At this point, teams are just starting to accurately assess where they are and where they need help — players they thought would step up didn’t, or there are injuries creating gaps — and that will continue into the first weeks of the season. As that happens, a few of the veterans on the sideline will get picked up (no, probably not Carmelo Anthony, that’s another topic).

Shumpert should be at the front of that line. He’s already got interest.

 

Pacers reportedly testing trade market for Domantas Sabonis

Jeff Haynes/NBAE via Getty Images
1 Comment

Two factors are in play here.

First, the Pacers and Domantas Sabonis‘ representatives are reportedly nowhere near an agreement on a contract extension.

Second, there are real questions about how Sabonis and Pacers’ center Myles Turner can play together. If they can’t, then the question becomes how much do the Pacers want to pay Sabonis to be a backup five (because Turner is the better player and a guy they can build their defense around).

That has led to the Pacers exploring possible Sabonis trades, reports Sam Amick of The Athletic.

…sources say the Pacers have engaged in active trade talks with several teams this week about the fourth-year forward. Sabonis, the 23-year-old who arrived with Victor Oladipo in late June 2017 in the Paul George trade with Oklahoma City, is clearly on the market.

There is no lack of interest in Sabonis, who averaged 14.1 points, 9.3 rebounds and 2.9 assists last season as the Pacers — who lost Oladipo to a season-ending ruptured quad injury in a game against Toronto on Jan. 23 — pulled off such a surprising campaign (48-34; lost in the first round to Boston). Thus far, sources say the Pacers’ asking price in talks with several teams has been too high.

Sabonis is a skilled offensive big man who is versatile. That makes him a fantastic pick-and-roll or dribble hand-off guy who can help create space for the ball handler to find a lane, then he rolls into open space. He’s strong around the basket and plays a crafty, high IQ game. He can help a lot of teams. However, two things limit Sabonis: He is not good defensively and he does not space the floor (76.4 percent of his shots came within 10 feet of the basket last season, and he doesn’t make many beyond that range).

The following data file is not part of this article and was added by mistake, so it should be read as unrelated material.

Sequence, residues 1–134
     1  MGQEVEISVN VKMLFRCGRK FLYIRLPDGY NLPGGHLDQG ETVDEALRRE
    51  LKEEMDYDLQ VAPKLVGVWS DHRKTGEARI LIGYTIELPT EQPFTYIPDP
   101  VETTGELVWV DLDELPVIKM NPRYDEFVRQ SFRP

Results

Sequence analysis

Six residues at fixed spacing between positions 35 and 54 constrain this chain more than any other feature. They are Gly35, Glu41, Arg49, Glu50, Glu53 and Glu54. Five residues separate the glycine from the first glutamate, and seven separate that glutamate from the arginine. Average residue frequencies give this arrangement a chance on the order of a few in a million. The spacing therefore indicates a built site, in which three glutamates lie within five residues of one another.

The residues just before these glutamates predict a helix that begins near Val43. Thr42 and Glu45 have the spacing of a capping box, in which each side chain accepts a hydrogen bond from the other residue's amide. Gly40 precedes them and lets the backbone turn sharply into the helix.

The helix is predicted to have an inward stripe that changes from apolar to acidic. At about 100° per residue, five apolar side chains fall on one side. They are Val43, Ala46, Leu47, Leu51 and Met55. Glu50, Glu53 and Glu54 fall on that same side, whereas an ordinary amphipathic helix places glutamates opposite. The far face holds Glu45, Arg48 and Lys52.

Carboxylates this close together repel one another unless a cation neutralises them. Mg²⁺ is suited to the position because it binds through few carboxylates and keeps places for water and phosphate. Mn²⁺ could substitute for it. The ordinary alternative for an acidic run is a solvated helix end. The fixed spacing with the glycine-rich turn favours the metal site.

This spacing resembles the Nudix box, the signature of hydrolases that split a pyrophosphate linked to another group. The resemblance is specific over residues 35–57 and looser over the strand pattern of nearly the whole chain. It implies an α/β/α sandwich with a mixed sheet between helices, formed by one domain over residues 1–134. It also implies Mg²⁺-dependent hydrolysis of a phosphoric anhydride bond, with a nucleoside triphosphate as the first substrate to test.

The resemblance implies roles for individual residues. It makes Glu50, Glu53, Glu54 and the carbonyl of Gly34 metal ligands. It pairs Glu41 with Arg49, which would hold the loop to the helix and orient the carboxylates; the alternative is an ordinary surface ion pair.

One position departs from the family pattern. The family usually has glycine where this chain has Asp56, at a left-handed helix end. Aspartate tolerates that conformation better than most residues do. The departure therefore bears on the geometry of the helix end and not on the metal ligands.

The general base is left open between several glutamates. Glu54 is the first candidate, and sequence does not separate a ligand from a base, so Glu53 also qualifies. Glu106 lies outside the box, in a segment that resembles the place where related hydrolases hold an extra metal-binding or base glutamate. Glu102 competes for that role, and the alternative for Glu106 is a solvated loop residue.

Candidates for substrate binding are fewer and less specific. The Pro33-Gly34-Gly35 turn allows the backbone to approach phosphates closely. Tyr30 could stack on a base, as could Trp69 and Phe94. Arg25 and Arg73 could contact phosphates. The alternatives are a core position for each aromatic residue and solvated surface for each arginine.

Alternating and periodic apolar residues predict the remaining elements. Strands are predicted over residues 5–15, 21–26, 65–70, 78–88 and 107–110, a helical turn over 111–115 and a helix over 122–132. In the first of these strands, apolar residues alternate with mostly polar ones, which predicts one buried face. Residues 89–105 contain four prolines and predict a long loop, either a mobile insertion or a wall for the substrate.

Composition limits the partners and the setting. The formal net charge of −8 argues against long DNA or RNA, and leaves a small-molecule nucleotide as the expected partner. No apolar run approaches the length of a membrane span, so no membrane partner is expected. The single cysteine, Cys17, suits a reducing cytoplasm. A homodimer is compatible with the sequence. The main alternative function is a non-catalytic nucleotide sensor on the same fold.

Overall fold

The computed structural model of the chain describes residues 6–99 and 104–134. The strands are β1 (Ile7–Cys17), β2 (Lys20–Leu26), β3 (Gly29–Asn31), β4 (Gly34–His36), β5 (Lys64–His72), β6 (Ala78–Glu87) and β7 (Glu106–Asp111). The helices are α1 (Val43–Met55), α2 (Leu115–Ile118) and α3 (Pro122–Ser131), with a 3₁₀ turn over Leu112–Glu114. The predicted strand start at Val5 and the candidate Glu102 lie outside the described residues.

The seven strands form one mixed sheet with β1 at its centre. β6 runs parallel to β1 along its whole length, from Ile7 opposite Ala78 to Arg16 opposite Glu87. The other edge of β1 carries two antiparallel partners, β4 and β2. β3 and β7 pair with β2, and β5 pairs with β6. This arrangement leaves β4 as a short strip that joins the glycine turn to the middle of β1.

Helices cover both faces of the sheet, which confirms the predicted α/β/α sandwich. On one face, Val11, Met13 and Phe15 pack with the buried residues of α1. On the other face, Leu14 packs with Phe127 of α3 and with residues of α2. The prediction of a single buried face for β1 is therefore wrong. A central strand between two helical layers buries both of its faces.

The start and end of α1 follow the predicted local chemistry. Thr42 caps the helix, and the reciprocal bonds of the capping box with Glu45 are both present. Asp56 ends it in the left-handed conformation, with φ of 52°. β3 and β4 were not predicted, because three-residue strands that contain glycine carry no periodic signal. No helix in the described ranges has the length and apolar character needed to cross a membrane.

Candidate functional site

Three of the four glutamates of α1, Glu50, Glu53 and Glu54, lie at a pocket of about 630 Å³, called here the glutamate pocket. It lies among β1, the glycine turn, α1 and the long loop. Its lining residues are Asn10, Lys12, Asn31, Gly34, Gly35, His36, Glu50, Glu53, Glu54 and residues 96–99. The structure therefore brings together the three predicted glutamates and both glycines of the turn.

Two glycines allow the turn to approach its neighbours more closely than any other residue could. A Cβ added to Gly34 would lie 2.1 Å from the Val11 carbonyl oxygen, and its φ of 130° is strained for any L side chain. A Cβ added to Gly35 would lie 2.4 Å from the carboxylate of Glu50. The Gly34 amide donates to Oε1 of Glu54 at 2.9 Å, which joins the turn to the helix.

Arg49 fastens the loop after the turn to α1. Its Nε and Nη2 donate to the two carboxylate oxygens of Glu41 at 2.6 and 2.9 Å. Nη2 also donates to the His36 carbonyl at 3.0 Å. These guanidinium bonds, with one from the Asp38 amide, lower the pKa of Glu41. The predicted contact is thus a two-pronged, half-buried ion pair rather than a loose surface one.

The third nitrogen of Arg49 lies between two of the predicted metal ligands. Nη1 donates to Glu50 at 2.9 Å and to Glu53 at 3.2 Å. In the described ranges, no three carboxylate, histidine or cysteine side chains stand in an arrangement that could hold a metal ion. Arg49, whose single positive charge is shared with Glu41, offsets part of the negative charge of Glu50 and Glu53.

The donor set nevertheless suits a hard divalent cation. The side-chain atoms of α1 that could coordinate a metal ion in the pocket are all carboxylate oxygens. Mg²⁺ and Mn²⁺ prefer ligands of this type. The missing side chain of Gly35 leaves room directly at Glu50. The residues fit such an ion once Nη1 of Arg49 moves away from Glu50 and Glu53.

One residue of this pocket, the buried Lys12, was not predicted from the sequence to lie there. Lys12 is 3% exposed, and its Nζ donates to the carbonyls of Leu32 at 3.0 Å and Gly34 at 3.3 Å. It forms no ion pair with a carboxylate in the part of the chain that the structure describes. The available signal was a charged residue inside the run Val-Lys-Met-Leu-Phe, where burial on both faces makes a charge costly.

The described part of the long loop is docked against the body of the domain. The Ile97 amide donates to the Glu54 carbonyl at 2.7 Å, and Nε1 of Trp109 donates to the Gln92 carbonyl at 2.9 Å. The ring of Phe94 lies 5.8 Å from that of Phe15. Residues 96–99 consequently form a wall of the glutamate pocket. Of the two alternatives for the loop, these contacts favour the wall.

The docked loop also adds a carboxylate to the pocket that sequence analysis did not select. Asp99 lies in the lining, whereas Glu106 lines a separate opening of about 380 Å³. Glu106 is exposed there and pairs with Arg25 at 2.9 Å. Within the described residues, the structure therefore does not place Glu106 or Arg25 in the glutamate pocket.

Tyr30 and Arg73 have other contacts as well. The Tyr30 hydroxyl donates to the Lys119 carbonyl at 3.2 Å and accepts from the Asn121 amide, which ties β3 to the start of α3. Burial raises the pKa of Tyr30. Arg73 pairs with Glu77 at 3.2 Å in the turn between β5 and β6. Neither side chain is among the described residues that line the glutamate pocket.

Sabonis is in the final year of his rookie contract and has a healthy pay raise coming next season, up from the $3.5 million he will make this time around. The Pacers, however, just forked out big cash for Myles Turner (four-years, $72 million) and Malcolm Brogdon (four years, $85 million). They may be a little gun shy about doing that now for Sabonis, and there are other teams interested. That doesn’t even count Victor Oladipo’s payday. All this for a team not likely to venture into the luxury tax.

How much the Pacers can get for Sabonis remains to be seen, but the Pacers may want picks because not much salary needs to be exchanged. Of course right now the Pacers are asking for everything but the GM’s firstborn son from other teams, and of course the other teams are lowballing the Pacers with their first offers. That’s how negotiations work. When things start to evolve to a middle ground, the Pacers may well find a deal because, as much as they like him, it’s hard to make everything fit with Sabonis on the team.

Draymond Green says teams deserve blame for draft picks not developing, Marquese Chriss agrees

Getty Images
3 Comments